The 19th century windmills Jack and Jill stand above the village of Clayton on the South Downs, 7 miles north of Brighton and Hove. Free parking beneath the Clayton Windmills and views of Mid Sussex makes the adjoining field a popular picnic spot. The Clayton windmills are easily accessed from the main road and a 2 mile walk from Ditchling Beacon to the west.

Image Credit: Kyle Hoekstra

6. The Trundle

Of the ancient settlements and historic sites embraced by the chalky swells of the Sussex Downs, the Trundle offers some of the most impressive views. From the top of the hillfort, once the site of a medieval chapel, visitors can gaze south towards Chichester harbour where it opens into the Solent, and beyond to the Isle of Wight.

Chichester Cathedral, Selsey Bill and Pagham Harbour can also be seen from the Trundle’s southern side. There are masts on the hill, legacies of two radio stations which were built during World War Two.

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7. Beachy Head

Located in East Sussex, Beachy Head is the highest chalk sea cliff in Britain. A landmark of the English coast, it rises 162m above sea level and offers views towards the south east coast of Dungeness in the east and the Isle of Wight in the west. Its closest town is Eastbourne.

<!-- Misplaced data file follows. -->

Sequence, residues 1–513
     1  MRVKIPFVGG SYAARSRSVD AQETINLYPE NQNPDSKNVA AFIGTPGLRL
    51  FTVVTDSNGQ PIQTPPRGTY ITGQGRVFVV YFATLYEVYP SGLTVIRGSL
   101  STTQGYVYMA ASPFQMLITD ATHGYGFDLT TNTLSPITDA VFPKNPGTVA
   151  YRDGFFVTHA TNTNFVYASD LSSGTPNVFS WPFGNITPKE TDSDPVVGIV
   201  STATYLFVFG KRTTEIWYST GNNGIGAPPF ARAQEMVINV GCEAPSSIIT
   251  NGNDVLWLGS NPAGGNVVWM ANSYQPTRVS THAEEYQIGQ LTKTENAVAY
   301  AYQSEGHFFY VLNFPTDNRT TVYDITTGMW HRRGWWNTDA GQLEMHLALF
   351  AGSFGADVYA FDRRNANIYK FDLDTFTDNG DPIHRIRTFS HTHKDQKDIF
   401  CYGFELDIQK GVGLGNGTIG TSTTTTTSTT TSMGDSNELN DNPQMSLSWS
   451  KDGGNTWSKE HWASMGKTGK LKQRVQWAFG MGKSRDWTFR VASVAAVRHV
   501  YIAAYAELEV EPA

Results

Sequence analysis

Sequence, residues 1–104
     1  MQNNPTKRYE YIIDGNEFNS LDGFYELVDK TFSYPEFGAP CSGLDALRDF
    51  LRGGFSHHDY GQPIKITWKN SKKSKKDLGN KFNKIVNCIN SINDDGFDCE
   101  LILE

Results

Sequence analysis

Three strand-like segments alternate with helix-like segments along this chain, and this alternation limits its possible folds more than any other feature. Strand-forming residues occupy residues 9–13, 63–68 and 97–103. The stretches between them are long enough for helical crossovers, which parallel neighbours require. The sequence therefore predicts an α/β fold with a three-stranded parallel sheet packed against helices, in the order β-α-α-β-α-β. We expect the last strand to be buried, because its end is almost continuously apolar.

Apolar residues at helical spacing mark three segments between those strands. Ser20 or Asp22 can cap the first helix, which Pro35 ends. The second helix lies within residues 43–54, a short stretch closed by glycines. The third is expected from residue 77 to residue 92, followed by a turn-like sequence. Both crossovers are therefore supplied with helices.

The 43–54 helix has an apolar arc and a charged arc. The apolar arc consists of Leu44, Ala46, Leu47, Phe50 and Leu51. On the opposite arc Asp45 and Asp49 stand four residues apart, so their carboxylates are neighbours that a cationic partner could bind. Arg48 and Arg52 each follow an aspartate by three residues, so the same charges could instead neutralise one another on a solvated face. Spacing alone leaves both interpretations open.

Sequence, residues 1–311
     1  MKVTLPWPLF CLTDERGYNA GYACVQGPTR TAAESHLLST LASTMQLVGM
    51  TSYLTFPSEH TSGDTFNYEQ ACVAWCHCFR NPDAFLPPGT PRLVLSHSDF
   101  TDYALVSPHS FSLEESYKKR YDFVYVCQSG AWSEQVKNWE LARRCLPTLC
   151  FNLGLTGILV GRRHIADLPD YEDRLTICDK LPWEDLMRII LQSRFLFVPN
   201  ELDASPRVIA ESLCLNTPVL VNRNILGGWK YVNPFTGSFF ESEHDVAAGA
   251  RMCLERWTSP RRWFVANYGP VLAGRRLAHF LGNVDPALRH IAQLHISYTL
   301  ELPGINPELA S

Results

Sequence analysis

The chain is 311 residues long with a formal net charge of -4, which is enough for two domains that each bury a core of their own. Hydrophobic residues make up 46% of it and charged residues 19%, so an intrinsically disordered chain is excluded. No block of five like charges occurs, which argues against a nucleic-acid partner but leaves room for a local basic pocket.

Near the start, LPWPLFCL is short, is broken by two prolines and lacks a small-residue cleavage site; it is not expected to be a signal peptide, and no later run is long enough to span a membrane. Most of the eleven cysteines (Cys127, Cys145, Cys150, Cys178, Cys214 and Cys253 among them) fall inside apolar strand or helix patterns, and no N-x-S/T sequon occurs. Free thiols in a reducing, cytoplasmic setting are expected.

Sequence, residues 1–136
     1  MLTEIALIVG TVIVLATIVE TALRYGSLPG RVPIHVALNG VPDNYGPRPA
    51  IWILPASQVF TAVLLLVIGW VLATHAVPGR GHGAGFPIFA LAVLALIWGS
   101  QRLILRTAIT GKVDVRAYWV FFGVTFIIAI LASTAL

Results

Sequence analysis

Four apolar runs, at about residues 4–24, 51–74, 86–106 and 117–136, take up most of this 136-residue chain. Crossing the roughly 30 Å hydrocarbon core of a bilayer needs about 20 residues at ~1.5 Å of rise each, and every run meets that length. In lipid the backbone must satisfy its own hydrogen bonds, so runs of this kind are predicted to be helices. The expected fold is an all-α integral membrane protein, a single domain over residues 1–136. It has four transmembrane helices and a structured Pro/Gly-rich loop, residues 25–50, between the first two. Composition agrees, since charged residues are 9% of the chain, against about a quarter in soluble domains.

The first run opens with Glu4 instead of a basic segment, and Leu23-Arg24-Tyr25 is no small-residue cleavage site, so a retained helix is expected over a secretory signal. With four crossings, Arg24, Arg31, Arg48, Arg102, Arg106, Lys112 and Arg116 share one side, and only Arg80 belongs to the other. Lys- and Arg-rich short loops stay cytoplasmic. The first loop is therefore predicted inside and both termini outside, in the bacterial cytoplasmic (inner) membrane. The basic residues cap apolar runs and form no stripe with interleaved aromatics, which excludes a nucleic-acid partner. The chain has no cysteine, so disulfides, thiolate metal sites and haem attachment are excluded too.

Beachy Head has witnessed much history, from the Battle of Portland in 1653 to the Second Battle of Beachy Head in World War One. During World War Two, the RAF established a forward relay station at Beachy Head to improve radio communications, and during the Cold War, a radar control centre was in operation between 1953 to 1957.

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8. Old Winchester Hill

Situated 11 miles from Winchester, Old Winchester Hill rises in Hampshire’s third of the South Downs. The South Downs Way crosses the summit (as well as the Monarch‘s Way), which is also the site of an Iron Age hillfort featuring Bronze Age barrows. The British Army used the site to test mortars duirng World War Two, and some unexploded ordnance may fenced sections of the hill.